UNION OF ONTARIO INDIANS

UNION OF ONTARIO INDIANS

May 30, 2005 15:04 ET

Anishinabek leader praises Kingston police study

Attention: Assignment Editor, City Editor, News Editor NIPISSING FIRST NATION --(CCNMatthews - May 30, 2005) - Grand Council Chief John Beaucage says a controversial study showing that police are more likely to stop aboriginal people is welcome, but overdue.

"It validates concerns the First Nation community has been raising for years," he said.

Produced from information collected by Kingston police officers, the report indicates that blacks were three times more likely than whites to be stopped by police, and aboriginal people were 1.4 times more likely to be stopped.

Kingston Police Chief William Closs was close to tears when apologized to the black and aboriginal communities of the eastern Ontario city for findings that indicate his officers were singling out minorities for unfair treatment.

Grand Council Chief Beaucage congratulated Chief Closs, and urged other Canadian police chiefs to acknowledge that racial profiling exists in their jurisdictions and begin work to ease strained relations with visible minorities.

"I would like to applaud Chief Closs for his courage and vision, and for raising awareness of this problem," Beaucage said. "We want to encourage Greater Toronto Area Police to follow up with a similar study and take action."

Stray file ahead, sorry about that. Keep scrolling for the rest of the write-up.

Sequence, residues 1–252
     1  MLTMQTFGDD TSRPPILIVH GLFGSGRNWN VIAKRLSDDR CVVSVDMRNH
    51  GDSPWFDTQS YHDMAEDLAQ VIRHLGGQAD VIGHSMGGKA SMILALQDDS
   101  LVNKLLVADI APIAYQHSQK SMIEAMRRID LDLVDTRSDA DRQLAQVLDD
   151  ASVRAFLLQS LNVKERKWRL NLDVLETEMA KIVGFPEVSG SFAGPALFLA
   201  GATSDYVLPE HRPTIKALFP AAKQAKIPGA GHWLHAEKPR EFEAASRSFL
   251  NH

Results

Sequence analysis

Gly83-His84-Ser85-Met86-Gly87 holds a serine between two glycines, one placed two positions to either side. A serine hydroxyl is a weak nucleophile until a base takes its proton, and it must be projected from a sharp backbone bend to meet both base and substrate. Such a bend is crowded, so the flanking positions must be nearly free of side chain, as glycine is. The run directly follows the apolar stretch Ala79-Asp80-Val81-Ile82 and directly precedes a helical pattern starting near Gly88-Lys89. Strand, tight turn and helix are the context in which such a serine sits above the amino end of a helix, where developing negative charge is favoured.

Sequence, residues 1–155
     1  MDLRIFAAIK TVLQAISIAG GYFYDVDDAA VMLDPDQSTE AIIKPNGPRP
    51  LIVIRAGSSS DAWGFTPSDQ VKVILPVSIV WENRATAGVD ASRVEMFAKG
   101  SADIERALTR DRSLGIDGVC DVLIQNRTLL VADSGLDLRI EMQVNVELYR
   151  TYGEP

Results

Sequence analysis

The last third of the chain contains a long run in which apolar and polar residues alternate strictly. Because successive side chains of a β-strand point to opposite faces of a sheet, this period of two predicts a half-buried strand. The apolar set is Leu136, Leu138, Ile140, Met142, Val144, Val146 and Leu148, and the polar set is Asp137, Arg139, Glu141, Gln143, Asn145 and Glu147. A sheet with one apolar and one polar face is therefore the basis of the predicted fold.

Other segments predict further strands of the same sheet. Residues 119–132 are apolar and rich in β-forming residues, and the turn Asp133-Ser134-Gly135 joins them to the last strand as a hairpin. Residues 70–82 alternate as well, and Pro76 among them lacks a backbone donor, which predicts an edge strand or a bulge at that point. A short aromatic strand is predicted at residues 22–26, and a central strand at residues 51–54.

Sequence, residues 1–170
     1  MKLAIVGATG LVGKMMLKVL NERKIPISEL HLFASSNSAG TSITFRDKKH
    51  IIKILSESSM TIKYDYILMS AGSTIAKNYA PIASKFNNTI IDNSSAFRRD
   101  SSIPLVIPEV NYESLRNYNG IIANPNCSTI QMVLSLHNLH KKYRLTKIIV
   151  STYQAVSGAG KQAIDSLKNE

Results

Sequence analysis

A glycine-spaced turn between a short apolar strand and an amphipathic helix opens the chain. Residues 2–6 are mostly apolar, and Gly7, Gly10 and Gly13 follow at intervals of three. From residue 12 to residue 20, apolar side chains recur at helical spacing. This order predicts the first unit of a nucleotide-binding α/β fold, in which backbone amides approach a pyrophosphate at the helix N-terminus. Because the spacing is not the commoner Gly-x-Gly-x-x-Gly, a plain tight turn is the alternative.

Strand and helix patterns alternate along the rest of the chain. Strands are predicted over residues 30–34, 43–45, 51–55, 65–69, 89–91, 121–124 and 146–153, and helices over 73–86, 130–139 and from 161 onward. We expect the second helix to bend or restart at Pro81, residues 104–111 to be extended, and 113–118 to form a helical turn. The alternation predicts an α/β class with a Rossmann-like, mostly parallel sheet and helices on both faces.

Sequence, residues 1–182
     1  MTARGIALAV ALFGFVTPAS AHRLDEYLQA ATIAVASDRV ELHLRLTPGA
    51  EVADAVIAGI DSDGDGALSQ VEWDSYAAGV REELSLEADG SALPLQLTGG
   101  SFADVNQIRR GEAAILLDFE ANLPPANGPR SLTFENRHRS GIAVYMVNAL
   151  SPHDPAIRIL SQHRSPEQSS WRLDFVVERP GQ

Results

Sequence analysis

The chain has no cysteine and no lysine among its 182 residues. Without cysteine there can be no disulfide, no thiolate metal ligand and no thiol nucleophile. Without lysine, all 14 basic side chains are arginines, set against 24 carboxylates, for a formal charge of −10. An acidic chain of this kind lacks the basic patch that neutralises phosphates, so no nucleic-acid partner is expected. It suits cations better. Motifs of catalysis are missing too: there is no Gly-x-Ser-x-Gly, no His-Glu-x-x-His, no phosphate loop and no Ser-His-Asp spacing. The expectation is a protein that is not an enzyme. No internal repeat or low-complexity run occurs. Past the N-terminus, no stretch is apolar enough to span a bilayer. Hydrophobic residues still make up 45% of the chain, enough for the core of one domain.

A 2003 report by the Ontario Human Rights Commission found police in Toronto engaged extensively in racial profiling, particularly among blacks and aboriginals, and called for the creation of a government body to work towards ending the practice.

The Union of Ontario Indians was a partner in the 2004 Debwewin anti-racism project in which racism was identified as a significant problem in surveys of three northern Ontario cities - Sault Ste. Marie, North Bay, and Timmins. Many aboriginal respondents said they had either personally been targets of racism by police officers, or had witnessed racist actions by police officers.

The Anishinabek Nation incorporated the Union of Ontario Indians as its secretariat in 1949. The UOI is a political advocate for 42 member First Nations across Ontario. The Union of Ontario Indians is the oldest political organization in Ontario and can trace its roots back to the Confederacy of Three Fires, which existed long before European contact.
/For further information: JAMIE MONASTYRSKI
Communications Officer, UOI
705-497-9127 (2290)/ IN: JUSTICE, POLITICS, OTHER

Contact Information

  • BOB GOULAIS, EXECUTIVE ASSISTANT TO THE GRAND COUNCIL CHIEF, UNION of ONTARIO INDIANS
    Primary Phone: 705-753-9575
    Secondary Phone: 705-497-9127 ext. 2249
    E-mail: goubob@anishinabek.ca